“You too, could have gone down a different path,” I thought to myself.
In “The Road Not Taken” Robert Frost muses about different choices and the idea of another chance at a decision, “Yet knowing how way leads onto way, I doubted if I should ever come back.” Still, every once in awhile we have an opportunity to look back and glimpse what might have been if we had chosen a different course.
Such an opportunity was provided by Laguna Outreach for Community Arts (LOCA) with their featured speaker, Scott Moore. Moore’s insightful presentation of his life’s work deserves to be broadly shared, but it seemed especially meaningful to me. Did everyone feel that way?
He began with his early drawings—all of them excellent, yet as slide followed slide depicting the art of passing years we could see the skill and thoughtfulness develop works that are not only technically exceptional, but which present ideas with confidence and humor. He not only has talent, he has persistence. He told of driving to Riverside to photograph a subject for one of his paintings because there was no sun in Laguna that day. Would I (or most of us) have done something else, and waited in Laguna for the sun to come out? I think so.
I was doing watercolors in the 1970s around the time Scott Moore was starting his, and people used to say our styles were similar. I even arranged to take two days a week off from work to paint. During that time I completed a series, almost enough for a show. But then that fork in the road happened. We bought a house. All my creative energies went there and into my landscape architecture business. Those paintings became so precious to me, representing as they did the interval of time devoted to art, that I couldn’t sell them. I still enjoy them in my home, but in comparison to Moore’s they show creativity arrested, frozen, not fully developed. The road partially taken.
Art inspires thoughts like these. That’s why we need it and enjoy it.
Our community faces choices on its path too, one of them presented itself at Monday’s Heritage Committee meeting. Will our city take the next steps to make our historic preservation program more effective and complying with state and federal standards?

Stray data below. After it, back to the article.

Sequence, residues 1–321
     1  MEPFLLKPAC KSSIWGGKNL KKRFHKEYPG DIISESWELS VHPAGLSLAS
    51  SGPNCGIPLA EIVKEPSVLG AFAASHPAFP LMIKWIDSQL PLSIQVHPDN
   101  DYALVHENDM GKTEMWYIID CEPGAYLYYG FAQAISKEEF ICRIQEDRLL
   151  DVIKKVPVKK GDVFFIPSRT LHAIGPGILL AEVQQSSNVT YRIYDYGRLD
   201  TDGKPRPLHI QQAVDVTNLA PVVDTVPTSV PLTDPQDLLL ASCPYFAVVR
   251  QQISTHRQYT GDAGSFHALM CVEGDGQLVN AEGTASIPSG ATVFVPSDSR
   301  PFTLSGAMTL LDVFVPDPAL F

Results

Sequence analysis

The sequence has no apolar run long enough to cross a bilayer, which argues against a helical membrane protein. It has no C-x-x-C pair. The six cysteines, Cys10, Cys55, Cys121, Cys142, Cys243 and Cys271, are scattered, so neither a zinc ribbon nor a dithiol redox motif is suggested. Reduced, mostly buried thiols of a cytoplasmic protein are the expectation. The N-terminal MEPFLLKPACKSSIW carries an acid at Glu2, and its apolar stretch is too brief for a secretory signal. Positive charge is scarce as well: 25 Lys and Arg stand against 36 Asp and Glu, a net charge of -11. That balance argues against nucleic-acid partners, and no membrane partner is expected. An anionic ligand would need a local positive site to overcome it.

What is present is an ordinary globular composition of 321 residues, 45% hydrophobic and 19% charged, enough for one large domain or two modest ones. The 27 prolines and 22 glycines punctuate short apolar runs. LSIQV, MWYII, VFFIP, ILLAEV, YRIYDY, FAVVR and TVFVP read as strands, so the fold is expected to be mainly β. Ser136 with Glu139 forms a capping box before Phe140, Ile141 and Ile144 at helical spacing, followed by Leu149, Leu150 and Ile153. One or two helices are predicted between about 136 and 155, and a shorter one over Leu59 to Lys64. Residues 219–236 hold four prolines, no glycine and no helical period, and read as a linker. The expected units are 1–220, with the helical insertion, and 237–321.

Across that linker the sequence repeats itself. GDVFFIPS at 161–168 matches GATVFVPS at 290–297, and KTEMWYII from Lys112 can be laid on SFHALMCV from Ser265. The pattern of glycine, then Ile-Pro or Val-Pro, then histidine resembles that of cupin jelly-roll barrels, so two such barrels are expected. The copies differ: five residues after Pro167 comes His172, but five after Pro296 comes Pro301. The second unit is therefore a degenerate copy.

Gradually the city has been feeling its way into the historical preservation process. In the 1980s we had the first historic inventory, then a historic preservation element and ordinance, a Heritage Committee and Heritage month. Then in 2005 our city recognized that the California Environmental Quality Act applies to historic resources. The Mills Act, a state program that provides property tax incentives for approved properties on the Historic Register has been applied in our city. We now have historic preservation consultants to advise applicants, staff and committee.
The Heritage Committee oversees all this. They used to meet in the staff lunch room next to the vending machines. Now they meet in the Council Chambers. They even have name signs and microphones, evidence of their improved status. As a result of their efforts we as a community are more aware of the significance of our historic resources and the benefits of preserving them.
An important next step is to become a “Certified Local Government” whose historical program is recognized by the State and Federal governments as complying with historic preservation standards. This makes us eligible for grants and assures that our programs are complying with time and court-tested approaches. We would become part of the state network of preservation planning. It turns out we have already done almost everything needed to be eligible. We just need to have a Historic Preservation Commission instead of a committee. A commission makes decisions. A committee makes suggestions.
It’s time. The unique village character we cherish depends on preserving historic resources. There aren’t that many. They are threatened with demolition and “remuddling.” Once they’re gone they can’t be recreated. In this case time does run out.
That’s why our historic preservation program should be as effective as possible.
We don’t want to be looking back wondering what our town would have been like if we had taken the best preservation path.
Landscape architect Ann Christoph is a former City Council member.